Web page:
Brian M. Wood & Frank W. Marlowe (2013). Household and Kin Provisioning by Hadza Men. Human Nature 24 (3):280-317.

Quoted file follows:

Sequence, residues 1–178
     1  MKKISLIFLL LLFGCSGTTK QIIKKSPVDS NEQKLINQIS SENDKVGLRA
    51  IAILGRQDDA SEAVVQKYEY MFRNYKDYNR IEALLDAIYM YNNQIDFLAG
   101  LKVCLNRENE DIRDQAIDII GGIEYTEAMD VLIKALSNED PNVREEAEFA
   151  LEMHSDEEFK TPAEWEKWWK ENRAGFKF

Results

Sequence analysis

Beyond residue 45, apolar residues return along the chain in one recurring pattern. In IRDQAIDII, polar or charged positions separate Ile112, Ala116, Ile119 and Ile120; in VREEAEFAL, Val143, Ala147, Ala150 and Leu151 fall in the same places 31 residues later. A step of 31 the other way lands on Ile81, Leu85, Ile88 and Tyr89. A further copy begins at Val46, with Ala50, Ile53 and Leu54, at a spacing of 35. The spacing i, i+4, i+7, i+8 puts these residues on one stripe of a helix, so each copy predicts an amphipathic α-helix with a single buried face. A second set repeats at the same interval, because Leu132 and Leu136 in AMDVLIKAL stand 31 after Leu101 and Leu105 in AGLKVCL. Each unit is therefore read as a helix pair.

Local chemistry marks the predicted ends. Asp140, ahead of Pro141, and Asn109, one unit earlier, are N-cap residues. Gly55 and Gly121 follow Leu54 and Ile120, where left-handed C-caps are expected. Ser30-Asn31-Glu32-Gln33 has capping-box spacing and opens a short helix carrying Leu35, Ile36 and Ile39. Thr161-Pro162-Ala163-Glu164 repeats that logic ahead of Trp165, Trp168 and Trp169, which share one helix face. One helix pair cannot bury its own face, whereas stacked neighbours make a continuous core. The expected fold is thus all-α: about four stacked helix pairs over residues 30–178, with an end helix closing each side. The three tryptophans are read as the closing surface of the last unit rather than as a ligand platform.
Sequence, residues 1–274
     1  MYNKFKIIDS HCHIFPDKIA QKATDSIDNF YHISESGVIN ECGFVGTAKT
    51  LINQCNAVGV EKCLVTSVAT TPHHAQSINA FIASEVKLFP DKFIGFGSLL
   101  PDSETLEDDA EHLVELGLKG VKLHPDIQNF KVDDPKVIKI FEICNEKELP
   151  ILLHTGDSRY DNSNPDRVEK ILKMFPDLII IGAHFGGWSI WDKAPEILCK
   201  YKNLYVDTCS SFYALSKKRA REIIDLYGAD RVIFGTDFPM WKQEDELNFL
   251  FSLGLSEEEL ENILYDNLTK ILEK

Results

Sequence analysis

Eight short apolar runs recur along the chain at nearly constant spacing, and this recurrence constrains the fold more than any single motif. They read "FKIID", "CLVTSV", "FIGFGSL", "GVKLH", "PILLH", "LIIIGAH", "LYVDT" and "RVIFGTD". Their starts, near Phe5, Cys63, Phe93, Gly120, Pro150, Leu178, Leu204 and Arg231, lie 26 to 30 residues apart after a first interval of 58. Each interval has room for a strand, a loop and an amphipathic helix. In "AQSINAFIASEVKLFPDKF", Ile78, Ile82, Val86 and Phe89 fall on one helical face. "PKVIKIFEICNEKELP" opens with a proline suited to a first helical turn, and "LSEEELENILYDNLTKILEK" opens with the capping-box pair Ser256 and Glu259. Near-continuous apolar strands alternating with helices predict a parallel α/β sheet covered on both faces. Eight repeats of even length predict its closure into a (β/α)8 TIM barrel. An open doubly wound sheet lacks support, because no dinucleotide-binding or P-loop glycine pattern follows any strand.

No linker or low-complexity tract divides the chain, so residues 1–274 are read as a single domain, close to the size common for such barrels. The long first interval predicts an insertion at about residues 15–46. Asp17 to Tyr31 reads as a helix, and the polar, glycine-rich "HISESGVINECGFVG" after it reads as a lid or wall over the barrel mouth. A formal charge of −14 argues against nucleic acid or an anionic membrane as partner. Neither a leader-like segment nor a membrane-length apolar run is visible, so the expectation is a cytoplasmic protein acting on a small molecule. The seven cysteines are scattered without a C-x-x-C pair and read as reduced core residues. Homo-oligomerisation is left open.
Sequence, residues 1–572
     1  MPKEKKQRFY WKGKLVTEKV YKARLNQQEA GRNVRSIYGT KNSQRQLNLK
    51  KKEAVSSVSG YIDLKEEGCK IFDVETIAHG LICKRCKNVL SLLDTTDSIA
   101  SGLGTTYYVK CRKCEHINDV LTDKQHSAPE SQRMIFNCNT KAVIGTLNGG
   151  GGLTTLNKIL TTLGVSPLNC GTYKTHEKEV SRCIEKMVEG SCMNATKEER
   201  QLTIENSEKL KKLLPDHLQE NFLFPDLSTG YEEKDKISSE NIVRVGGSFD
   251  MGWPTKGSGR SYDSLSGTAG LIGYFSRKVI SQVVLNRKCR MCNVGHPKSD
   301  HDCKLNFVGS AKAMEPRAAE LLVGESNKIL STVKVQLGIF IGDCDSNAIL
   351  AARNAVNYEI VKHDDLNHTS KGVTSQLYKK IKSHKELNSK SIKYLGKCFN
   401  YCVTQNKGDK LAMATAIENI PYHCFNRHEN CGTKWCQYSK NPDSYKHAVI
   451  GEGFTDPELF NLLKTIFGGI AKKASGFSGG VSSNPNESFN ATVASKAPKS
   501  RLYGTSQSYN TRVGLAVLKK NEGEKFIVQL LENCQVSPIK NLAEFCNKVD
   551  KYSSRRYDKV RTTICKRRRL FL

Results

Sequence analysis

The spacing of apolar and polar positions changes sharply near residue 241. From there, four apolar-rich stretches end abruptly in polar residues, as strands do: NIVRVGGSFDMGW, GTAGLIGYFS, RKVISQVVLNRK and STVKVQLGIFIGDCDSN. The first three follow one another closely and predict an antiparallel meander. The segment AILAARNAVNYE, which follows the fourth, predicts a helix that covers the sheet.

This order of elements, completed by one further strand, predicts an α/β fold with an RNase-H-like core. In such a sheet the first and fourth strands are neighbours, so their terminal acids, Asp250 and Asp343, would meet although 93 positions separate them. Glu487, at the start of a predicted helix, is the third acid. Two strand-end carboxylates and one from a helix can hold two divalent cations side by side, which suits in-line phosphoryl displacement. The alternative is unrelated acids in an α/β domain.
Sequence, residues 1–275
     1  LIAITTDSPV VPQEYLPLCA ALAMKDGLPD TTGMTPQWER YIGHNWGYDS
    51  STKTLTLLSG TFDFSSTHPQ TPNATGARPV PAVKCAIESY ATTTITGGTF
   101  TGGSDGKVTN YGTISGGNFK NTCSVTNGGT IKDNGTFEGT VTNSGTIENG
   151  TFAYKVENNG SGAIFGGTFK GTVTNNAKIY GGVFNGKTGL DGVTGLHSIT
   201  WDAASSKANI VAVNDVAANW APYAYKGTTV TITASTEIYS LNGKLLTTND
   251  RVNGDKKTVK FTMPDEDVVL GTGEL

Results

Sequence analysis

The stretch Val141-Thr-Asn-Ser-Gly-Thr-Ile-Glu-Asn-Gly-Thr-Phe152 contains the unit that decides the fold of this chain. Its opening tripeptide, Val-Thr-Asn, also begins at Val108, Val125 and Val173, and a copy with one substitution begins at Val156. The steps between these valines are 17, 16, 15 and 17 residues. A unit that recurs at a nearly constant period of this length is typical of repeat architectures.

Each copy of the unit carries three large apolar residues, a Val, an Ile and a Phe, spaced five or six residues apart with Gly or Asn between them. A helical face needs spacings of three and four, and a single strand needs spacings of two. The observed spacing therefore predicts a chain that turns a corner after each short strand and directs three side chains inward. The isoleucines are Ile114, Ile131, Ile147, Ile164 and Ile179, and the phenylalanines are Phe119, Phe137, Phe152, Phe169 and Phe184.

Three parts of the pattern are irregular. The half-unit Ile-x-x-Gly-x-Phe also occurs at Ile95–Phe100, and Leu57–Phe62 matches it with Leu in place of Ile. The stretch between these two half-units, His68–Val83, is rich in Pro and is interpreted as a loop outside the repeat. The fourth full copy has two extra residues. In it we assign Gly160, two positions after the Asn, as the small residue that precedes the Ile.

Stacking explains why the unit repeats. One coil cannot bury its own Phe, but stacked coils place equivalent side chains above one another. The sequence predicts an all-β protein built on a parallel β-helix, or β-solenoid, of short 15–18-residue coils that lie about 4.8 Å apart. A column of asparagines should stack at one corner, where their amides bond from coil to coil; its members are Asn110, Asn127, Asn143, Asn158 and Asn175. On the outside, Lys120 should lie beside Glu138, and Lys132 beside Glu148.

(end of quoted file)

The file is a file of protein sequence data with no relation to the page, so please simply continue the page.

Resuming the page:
We use data collected among Hadza hunter-gatherers between 2005 and 2009 to examine hypotheses about the causes and consequences of mens foraging and food sharing. We (...) find that Hadza men foraged for a range of food types, including fruit, honey, small animals, and large game. Large game were shared not like common goods, but in ways that significantly advantaged producershouseholds. Food sharing and consumption data show that men channeled the foods they produced to their wives, children, and their consanguineal and affinal kin living in other households. On average, single men brought food to camp on 28% of days, married men without children at home on 31% of days, and married men with children at home on 42% of days. Married men brought fruit, the least widely shared resource, to camp significantly more often than single men. A model of the relationship between hunting success and household food consumption indicates that the best hunters provided 34 times the amount of food to their families than median or poor hunters. These new data fill important gaps in our knowledge of the subsistence economy of the Hadza and uphold predictions derived from the household and kin provisioning hypotheses. Key evidence and assumptions backing prior claims that Hadza hunting is largely a form of status competition were not replicated in our study. In light of this, family provisioning is a more viable explanation for why good hunters are preferred as husbands and have higher fertility than others. (shrink)